So there are things in the play that feel relevant, there are things in the play that are very sadly still relevant, I mean neither the biological catastrophe or the political catastrophe I described have passed from our midst. It’s been twenty years since Angels first appeared, and I’m feeling more confident than I’ve felt about many other things that the play has a certain kind of lasting…—there’s something in there that works—so I feel having seen your work and knowing that you’re a serious artist that the real purpose is just to figure out what’s going on with Joe and Harper and why are they having this problem, and to arrive at those answers in the most specific moment-to-moment way, and then hopefully the play will speak and will speak to every audience it’s performed for: both individually, in very private ways, and also communally and collectively. It’s Act 5, Scene 1 of A Midsummer Night’s Dream, the thing that it does is really much like—Shakespeare was right—it really is the relationship of the sleeper to the dream. The choice to make those connections is really not our responsibility, as much as it is the choice of the audience: because, like a sleeper, you wake up and you can remember the dream, you can forget the dream, you can understand the dream, you can be baffled by the dream, you can have the dream for forty years until you understand the dream, and then you can choose to act on what your unconscious is very cleverly trying to set up for you. I think that it’s that connection. The real [answer to your question] for us is: now, because we’re doing it now, and, you know—why not?
CN: Why Angels here at Court Theatre?
TK: Well I loved your production of Caroline, or Change, I loved your production of The Illusion… I’ve found the working relationship wonderful, and your relationship with the community of scholars. You go to great universities, and theatres that are closely associated with great universities, and you always think, “Oh God, this is going to be great because we’re going to get this really smart audience,” but for some weird reason, a number of these theatres have notoriously some of the worst audiences on the planet, and they’re people who really don’t want to be there, and students who have all been forced in by Freshman Drama 101, and they really got excited about Dames at Sea but they’re sitting through your long and very intelligent play and bored out of their mind. (Laughter) Whenever you go to a theater for the first time that’s doing one of your plays, the first thing you pay attention to is what’s the audience like, if it’s in a city other than yours. I’ve done a lot of work in Chicago, so I know that this is a great theatre city, and the audiences are eager for complexity and difficulty and very smart and wonderful audiences. But I’ve found in the Court a thrilling mix of people from the local community, people from the academic community, and a lot of the professors I’ve spoken to at these meetings, are people who really genuinely love theater and genuinely love theater as an art, rather than—and of course, everyone loves to hear gossip—but it’s not just about who won the Tony Award this year, which means it’s an academic community that actually takes theater seriously. I think that a lot of what happens in some of these other places is that they’re all incredibly brilliant people who think that theater is a kind of inferior and antiquated luxury for people who don’t have anything better to do with their time or who aren’t good enough to teach at their university. And I really have felt with the scholars that I’ve met, the people who are studying and writing about theater, that they’re not only writing about it but they have an actual vital engagement with the process of making it. I think that everyone without exception has said to me that the connection with the Court is a big part of that, which is thrilling.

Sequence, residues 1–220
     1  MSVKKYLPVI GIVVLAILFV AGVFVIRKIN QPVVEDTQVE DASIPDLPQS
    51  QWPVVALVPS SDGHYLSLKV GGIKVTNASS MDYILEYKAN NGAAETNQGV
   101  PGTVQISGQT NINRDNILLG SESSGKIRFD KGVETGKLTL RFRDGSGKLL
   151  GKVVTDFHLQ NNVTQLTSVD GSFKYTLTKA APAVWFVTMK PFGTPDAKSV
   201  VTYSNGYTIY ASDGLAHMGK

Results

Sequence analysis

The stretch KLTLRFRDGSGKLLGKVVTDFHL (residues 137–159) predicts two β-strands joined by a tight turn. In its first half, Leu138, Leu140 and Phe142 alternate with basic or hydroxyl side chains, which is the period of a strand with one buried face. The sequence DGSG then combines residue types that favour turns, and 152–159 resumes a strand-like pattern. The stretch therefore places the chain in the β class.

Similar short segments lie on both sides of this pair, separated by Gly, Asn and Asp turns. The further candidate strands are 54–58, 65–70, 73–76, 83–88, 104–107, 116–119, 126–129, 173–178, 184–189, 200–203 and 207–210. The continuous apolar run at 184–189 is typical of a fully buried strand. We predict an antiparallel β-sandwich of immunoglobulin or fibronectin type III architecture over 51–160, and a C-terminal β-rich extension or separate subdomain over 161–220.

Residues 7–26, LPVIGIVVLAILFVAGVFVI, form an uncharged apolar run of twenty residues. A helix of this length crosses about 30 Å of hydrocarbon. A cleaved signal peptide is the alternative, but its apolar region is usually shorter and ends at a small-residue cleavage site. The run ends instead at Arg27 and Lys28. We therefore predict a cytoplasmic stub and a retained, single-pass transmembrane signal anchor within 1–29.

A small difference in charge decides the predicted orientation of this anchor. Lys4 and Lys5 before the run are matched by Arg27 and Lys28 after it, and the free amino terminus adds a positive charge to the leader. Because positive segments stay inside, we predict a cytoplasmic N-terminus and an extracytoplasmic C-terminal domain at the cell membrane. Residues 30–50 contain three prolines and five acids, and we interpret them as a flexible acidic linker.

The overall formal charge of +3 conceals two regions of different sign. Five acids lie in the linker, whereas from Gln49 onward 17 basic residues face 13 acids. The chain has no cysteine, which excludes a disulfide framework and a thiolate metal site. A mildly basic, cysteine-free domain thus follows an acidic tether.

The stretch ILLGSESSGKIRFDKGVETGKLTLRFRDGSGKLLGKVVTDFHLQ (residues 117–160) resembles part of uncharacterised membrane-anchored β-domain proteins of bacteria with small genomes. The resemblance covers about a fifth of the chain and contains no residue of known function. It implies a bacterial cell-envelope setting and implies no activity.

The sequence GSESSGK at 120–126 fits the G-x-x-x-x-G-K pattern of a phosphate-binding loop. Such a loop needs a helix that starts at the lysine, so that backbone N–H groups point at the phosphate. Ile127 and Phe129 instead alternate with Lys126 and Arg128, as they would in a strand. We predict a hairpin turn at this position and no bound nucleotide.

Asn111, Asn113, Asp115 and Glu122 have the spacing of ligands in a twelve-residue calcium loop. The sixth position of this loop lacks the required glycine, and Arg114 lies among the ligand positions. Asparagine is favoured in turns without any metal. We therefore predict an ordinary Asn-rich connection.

Angels is a very long—and it’s legitimately called an epic—play, but it’s really seventy-one incredibly intimate little scenes, so it needs size, but it also needs… it’s terrifying, it’ll go by like that, I promise. I mean part of an epic, the idea of an epic, I think, is it’s not really an epic unless it wears you out at some point, you should get to the finish line happy but really tired. If you haven’t, then you haven’t yourself replicated the epic journey. An epic shouldn’t be easy, and it should hurt your butt and cause various kinds of circulatory problems, but it needs both a kind of size and a kind of intimacy, and theatres like the Court are beautifully designed to have room to [have] that kind of scale, but the person farthest away in the audience from the stage is still right there, [and] that makes all the difference in the world. And you guys [the cast] I’m sure would agree with me about that, that you’re not pushing it against a vast sea of blue carpet. It’s a great space. ◼